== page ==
Study Renewable Energy
Most world leaders today admit that climate change is the most pressing issue facing our planet today. Generation of power using fossils fuels has led to emission of gases that are now contributing to global warming.
Study Renewable Energy
As well as that, many of the conventional methods of energy generation rely on resources that are rapidly becoming depleted or too expensive to extract, such as oil, gas and coal. Nuclear energy generation has made a major impact to energy supply, and does not produce the gases that contribute to global warming, but power plants of this type are expensive to build and decommission, and storage of nuclear waste is a major environmental problem.
As politicians debate the future of our energy needs and provision, a gap in our energy needs is emerging. To solve these problems there is a new emphasis on clean and sustainable Renewable Energy, and there is a shortage of skilled scientists and engineers in this sector to meet future demands. There are ambitious investment plans and a political imperative to succeed in order to meet Kyoto Agreement targets. The Government in the White Paper ‘Our Energy Future: creating a low carbon economy’ sets out the long term aspirations to create a low carbon economy.
Climate change and pollution control are now complex issues that need to be addressed and a new generation of informed managers and technologists are required to meet the challenges. A critical requirement at this time, irrespective of the way forward, is a highly trained technical workforce that can contribute to R&D in this sector, and scientists and engineers who are informed and who can understand the wider picture.
There is also an imperative to move towards efficient clean processes for security of supply beyond the life of fossil fuels. The country needs highly trained scientists and technologists who can respond to these challenges. Our belief is that graduates in this field should have a rigorous background in science and engineering, and that young people are now more aware of the need and the opportunity and wish to engage in this exciting new future.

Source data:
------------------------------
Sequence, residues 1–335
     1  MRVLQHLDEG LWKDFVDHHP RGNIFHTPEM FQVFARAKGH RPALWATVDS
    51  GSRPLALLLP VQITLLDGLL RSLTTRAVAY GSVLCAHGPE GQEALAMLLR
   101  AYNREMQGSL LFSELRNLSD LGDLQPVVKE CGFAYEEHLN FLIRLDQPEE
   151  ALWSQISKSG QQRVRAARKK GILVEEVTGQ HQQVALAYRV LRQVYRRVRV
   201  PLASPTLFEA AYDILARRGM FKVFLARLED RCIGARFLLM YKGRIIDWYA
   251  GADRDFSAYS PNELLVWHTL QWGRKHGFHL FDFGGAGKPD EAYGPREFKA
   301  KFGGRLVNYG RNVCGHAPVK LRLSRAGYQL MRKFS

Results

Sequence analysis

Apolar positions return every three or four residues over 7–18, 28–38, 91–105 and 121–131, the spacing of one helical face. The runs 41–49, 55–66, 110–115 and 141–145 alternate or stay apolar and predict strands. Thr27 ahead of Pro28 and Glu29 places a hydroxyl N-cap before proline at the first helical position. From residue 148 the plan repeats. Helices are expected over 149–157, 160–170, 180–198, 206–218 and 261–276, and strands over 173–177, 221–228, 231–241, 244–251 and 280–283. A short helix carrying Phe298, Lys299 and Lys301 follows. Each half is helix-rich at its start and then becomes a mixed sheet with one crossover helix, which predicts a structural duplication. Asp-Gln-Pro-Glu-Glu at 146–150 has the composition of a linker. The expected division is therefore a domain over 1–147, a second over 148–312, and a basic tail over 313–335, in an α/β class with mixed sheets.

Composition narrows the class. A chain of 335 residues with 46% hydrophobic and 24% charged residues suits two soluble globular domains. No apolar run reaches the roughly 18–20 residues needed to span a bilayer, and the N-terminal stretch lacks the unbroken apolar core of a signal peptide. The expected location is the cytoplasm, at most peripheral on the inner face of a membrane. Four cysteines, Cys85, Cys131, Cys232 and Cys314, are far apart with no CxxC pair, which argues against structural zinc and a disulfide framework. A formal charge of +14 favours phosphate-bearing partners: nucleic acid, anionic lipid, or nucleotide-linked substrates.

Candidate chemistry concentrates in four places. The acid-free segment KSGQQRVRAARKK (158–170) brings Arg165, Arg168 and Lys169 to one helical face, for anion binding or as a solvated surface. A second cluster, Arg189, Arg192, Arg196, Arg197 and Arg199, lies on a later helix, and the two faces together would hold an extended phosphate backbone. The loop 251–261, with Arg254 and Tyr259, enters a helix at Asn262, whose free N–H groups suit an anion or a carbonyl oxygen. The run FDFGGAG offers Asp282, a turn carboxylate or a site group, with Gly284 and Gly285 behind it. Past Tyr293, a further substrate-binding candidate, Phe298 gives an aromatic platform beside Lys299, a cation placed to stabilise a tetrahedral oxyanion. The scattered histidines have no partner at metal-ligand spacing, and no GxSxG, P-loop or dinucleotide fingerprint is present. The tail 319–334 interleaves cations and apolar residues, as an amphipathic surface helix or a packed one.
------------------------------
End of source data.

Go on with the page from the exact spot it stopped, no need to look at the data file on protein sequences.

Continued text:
Scotland has a particular interest in renewable energy and has a vast renewable energy resource, and is committed to developing and exploiting this with a view to meeting a 40% production target by the year 2020.
Renewable energy is really the generation of power in useful forms from natural sources such as the sun (solar energy), wind (air currents), water (hydro, waves, currents etc.), biological (biomass) and the earth itself (geothermal). This is an inexhaustible supply and technologies are evolving to make use of these processes for conversion to useable energy. The aim of these technologies is to provide sustainable energy production that is environmentally friendly.
In the UK the main continually available sources of renewables are off-shore and on-shore wind, and water for hydroelectric generation as well as technology development to exploit tidal streams and waves. The sun is a source of energy that can be converted to useful power by photovoltaic devices. As well as this, the sun can be used directly to heat water. Crops can be used to generate power. In this case, carbon is a by-product, but it is ‘carbon neutral’ in that it a re-cyclical process.